We'll fix it in post: Python and the movies on Nov. 19, 2017 at 2:10 p.m. in Théâtre Marie Gérin-Lajoie (MGL)

Who this talk is for: This talk is for those interested in learning more about what the pipeline looks like in post production for film and those who want a brief introduction to video compositing with Foundry’s Nuke and python.

2 minute intro: What is post-production pipeline? How VFX, animation, compositing and 3d conversion differ and what roles they play in making movie magic. • Vfx  procedural processes. Examples of this are smoke, water, fire, crowds, anything that flows and moves in a procedural way. • Animation tracked objects moving through space. This often includes characters, or anything that takes up a discrete space and moves through a scene. • Compositing  putting stuff in other stuff. If you need a character to be put on a background and move through it in a way that makes sense with the light and surroundings. That’s compositing. • 3d conversion  also known as depth. This is turning 2d scenes into 3d movies.

1 minute: briefly talk about the node-based nature of a few key pieces of software: Houdini, Maya, Nuke, and how well this modularity lends itself to building custom tools with python. All these pieces of software work via visual node spaces that allow for modular abstraction of tasks. This means that artists are able to parse and use them, but they are also friendly to those who want to use apis to write custom tools. This means one can write a custom kind of blur, transform, merge, or other effect that can then be imported directly into the program. • Houdini is built by SideFx and is the premier software for procedural effects. • Nuke is built by foundry and is a compositing software that is also used for 3d conversion. • Maya is built by autodesk and is primarily used for animation.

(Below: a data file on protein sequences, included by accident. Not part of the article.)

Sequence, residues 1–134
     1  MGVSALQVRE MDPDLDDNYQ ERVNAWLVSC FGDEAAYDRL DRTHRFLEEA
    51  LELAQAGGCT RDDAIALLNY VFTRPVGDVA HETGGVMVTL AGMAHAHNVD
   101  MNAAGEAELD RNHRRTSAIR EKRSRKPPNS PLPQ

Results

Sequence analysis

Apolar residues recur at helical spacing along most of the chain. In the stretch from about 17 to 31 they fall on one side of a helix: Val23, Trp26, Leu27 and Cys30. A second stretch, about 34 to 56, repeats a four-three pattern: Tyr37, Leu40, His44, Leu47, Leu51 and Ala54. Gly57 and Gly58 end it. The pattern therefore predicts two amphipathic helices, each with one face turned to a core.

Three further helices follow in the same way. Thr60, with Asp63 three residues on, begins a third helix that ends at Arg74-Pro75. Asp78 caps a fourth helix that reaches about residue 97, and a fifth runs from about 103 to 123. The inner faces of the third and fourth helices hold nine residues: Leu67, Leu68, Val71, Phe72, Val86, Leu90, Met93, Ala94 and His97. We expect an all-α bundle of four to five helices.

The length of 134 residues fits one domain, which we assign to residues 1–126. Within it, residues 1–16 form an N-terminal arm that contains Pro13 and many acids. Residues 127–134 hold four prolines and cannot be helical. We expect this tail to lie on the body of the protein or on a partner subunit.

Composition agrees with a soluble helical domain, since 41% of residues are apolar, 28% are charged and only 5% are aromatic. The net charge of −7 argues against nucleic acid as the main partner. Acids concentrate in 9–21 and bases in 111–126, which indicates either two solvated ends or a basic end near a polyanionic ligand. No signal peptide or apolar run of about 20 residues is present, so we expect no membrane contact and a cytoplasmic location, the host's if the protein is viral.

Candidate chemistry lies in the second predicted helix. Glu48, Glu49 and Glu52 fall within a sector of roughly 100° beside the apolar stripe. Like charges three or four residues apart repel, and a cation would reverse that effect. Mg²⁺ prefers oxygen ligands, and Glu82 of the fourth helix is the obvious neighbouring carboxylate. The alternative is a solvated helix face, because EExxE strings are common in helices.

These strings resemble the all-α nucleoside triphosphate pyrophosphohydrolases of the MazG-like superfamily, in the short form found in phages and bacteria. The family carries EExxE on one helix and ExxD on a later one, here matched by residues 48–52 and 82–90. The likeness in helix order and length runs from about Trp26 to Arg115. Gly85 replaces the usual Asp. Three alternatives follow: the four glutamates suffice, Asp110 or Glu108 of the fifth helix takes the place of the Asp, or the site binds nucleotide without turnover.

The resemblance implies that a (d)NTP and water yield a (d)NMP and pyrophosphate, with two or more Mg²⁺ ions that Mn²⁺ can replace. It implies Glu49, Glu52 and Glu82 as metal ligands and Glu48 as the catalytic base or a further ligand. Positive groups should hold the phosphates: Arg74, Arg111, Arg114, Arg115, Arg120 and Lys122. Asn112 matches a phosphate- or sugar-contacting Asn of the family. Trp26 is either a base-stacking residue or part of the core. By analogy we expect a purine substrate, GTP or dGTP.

6 minutes: compositing demonstration in Nuke. What can go wrong. What can go right. How custom tools help. • This demonstration will involve picking a particular node class in Nuke and exploring two different python implementations of it. For instance: two different ways to create and modify a blur node in a compositing scene, look at how they’re different, and weigh pros and cons… with shiny pictures.

1 minute outro: Wrap it up, talk about the importance of the role of technical artist, and how pythonic approaches lend themselves well to being parsable by technical people applying their skills to make art, and artists looking to become more technically fluent.


Victoria Mothersill

Victoria works in technical post-production for film and television. She got her start in technical support in animation at Arc Productions in Toronto where she worked on Netflix series such as Guillermo del Toro’s Trollhunters and Lego Marvel Super Heros, among others. She now does pipeline development and support for 3D conversion at Stereo D in Toronto, where she’s contributed to films like; Star Trek: Beyond; The Fate of the Furious; and Star Wars: Rogue One.